If you’re taking Physics 1, projectile motion problems can be a tough nut to crack.
Here’s a comprehensive solution to a very common Physics 1 exam problem, pulled from a real university midterm.
What you find when you dig deep, is that there’s actually a common theme among problems for each mechanics concept (in this case the kinematics of projectile motion). Physics professors are not always the most creative bunch when it comes to coming up with nasty unseen problems (and because physics is so hard for most students, they’d quickly send the average exam score down the toilet if they did).
So even though it feels like you’re seeing the material for the first time, there have actually been thousands and thousands and thousands of students who have come before you, who have seen that same exact problem, and freaked out in the same way you did.
Well I want to give you a leg up. Give you a glimpse into what you can expect of that fateful day, and ease the pain of the unknown. And hopefully improve your test scores in the process.
Let’s dive in.
Projectile Motion Problems Explained…
A projectile is fired into the air from the edge of a 125-m high cliff at an angle of 30.2 deg above the horizontal. The projectile hits a target 455 m away from the base of the cliff. What is the initial speed of the projectile, v0?
Following our problem solving process, first things first, let’s restate the problem and identify exactly what we’re trying to find.
RESTATEMENT: Here we’re breaking down the known variables (initial height, angle of launch, and ending position of the projectile), as well as the unknowns we’re supposed to find (in this case the magnitude of the initial velocity).
GUESS: Next, I’m taking a stab at what I think the velocity could be just eyeballing the problem (asked myself how long it would take for something to fall 125 m and added a little to it). This establishes a baseline we can compare the final answer to.
Now that we’ve got our goal properly established in our minds, let’s get more specific by drawing a diagram and labeling the variables we’re going to need during the solution process.
DIAGRAM: Even though the problem gives a pretty good diagram, I’m drawing one myself to get a feel for how the projectile travels, establish my XY coordinate system, and label all the velocity and position variables.
Notice that I’m making it a point to establish symbolic labels for each piece of information given in the problem. This becomes especially important when it comes to doing our algebra correctly and catching potential mistakes. It’s also helpful when identifying which equations we might be able to use.
VARIABLES: To the right of my beautiful diagram is our list of variables based on what the problem gives us, plus gravity (assumed). I created theta, ho, d, and g so that I can solve symbolically, then substitute the numbers later.
With a clear, labeled drawing, and what we think are all of the variables we need, we can now move on to figuring out the relationships between them we might be able to use to solve for v0.
EQUATIONS: Because I’ve recognized this as a projectile problem, I know I need to use kinematics equations. And because the projectile is moving in both X and Y, I need to split the problem along those axes (because gravity acts along the Y axis and not X).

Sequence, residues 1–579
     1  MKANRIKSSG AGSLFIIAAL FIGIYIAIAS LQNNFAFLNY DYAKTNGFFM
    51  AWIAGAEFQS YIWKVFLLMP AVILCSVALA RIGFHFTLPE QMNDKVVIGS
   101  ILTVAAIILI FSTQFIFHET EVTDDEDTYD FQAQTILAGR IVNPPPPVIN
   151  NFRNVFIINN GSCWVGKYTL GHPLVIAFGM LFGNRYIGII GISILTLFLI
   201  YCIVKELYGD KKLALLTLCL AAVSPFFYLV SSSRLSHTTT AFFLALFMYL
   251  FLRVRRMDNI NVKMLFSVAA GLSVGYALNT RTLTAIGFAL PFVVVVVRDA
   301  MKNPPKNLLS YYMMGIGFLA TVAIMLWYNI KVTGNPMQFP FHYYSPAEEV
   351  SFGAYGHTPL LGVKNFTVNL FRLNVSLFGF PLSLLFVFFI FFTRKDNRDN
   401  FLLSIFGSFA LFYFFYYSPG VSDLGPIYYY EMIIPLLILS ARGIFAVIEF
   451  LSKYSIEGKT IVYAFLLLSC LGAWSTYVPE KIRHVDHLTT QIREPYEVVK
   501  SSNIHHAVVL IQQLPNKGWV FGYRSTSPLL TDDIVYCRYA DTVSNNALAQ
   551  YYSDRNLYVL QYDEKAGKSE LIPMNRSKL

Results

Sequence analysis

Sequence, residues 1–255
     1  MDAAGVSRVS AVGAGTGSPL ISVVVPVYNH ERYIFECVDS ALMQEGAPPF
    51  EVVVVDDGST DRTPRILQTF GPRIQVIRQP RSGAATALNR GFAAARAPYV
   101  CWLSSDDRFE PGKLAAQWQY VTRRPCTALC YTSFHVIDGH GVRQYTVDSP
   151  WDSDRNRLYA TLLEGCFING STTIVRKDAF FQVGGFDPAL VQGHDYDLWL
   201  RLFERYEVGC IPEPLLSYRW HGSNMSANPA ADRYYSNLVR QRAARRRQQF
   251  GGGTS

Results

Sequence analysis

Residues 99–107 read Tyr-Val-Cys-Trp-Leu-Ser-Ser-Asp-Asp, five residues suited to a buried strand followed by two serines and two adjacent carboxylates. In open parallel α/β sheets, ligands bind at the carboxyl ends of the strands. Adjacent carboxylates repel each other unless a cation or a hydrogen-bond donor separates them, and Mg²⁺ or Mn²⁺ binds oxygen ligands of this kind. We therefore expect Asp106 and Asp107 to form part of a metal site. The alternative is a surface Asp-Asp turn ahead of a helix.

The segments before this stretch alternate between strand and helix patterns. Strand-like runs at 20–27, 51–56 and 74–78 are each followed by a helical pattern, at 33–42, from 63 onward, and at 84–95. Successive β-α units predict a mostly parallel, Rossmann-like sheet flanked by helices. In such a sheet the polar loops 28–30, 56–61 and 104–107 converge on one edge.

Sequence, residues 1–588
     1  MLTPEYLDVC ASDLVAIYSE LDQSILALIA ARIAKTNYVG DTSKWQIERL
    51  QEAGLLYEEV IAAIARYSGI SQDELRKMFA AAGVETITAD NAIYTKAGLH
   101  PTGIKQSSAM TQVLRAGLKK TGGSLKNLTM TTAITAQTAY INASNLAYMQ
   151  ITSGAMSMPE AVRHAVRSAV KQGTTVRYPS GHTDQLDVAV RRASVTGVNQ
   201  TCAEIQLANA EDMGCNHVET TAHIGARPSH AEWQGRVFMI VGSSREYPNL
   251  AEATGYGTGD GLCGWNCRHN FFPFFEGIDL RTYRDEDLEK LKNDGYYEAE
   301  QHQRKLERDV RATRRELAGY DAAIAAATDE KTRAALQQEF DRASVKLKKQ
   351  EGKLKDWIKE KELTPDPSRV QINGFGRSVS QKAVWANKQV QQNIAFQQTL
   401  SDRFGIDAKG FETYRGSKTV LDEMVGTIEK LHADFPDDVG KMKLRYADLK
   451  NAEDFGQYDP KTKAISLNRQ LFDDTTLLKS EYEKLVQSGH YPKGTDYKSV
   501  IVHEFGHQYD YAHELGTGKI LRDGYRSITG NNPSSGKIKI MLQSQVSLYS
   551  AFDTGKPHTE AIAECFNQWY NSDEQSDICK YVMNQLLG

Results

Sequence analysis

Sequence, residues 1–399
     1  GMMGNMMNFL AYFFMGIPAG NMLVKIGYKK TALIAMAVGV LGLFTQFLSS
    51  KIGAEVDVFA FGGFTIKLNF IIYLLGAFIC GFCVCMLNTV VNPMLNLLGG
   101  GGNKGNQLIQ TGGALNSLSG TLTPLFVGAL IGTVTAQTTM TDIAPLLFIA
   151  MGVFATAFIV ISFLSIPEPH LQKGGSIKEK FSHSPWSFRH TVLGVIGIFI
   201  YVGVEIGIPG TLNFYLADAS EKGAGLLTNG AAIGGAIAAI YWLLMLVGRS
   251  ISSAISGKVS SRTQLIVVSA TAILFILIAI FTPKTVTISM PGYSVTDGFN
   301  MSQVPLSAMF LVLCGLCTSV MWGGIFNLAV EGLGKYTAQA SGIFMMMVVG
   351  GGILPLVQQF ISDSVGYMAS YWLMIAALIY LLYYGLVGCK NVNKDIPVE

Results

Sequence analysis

First I split the initial velocity into X and Y components using trig.
Beginning with the X-direction, I’m starting with the acceleration and integrating with respect to t (time), to get an equation for Vx (velocity in X), and then again to get an equation for x (position in X).
I want the position equation because I know the problem is giving me two different known positions (when it launches and when it lands), and I will have to use them to solve for v0.
I then repeat the same integration process to get an equation for y (position in Y).
Now I’m ready to start solving.
SOLUTION: Okay so here’s the tricky part of this problem – how to we solve for v0? Well we know we have two equations that use v0 (our x and y position equations). And we have information about two different positions in the equation – launch (x=0, y=125m) and landing (x=455m, y=0). So we need to relate x and y somehow using that information.
First option: use the initial position when t=0. I didn’t bother to test this out here because I realized that we already used this information to create our x and y position equations. Plugging in t=0 just gives us x=0 and y=ho, which gets us nowhere.
Second option: use the final position when t is some unknown value I’m calling td. This is how I solve the problem here.
I started with x first, plugging in t=td. At this time, we know x=d (our variable for the 455m). I then re-arrange to solve for td, knowing I can substitute that into my y equation next.
Next I plug td into my y equation. At t=td, we know that y equals 0 (the projectile hits the ground. I can then substitute for td the solution from my x equation above.
Now the only unknown in our equation is v0 (Hey that’s what we’re trying to find!).
All we have to do is use some algebra and re-arrange our equation to get to our solution for v0.
Plug and chug. And just double-check all of the units work out.
59 m/s is a bit higher than my initial guess of 10 m/s, but still within the same order of magnitude. If the answer turned out to be like 1,000 m/s, I would know something was wrong and go back and double-check my work.
So there you have it. All projectile motion problems tend to have the same typical structure, and are some of the most popular exam questions out there in mechanics.
If you learn this general structure, and repeat the process with a number of different problems, you’ll be more than prepared when one of these pops up on your midterm or final.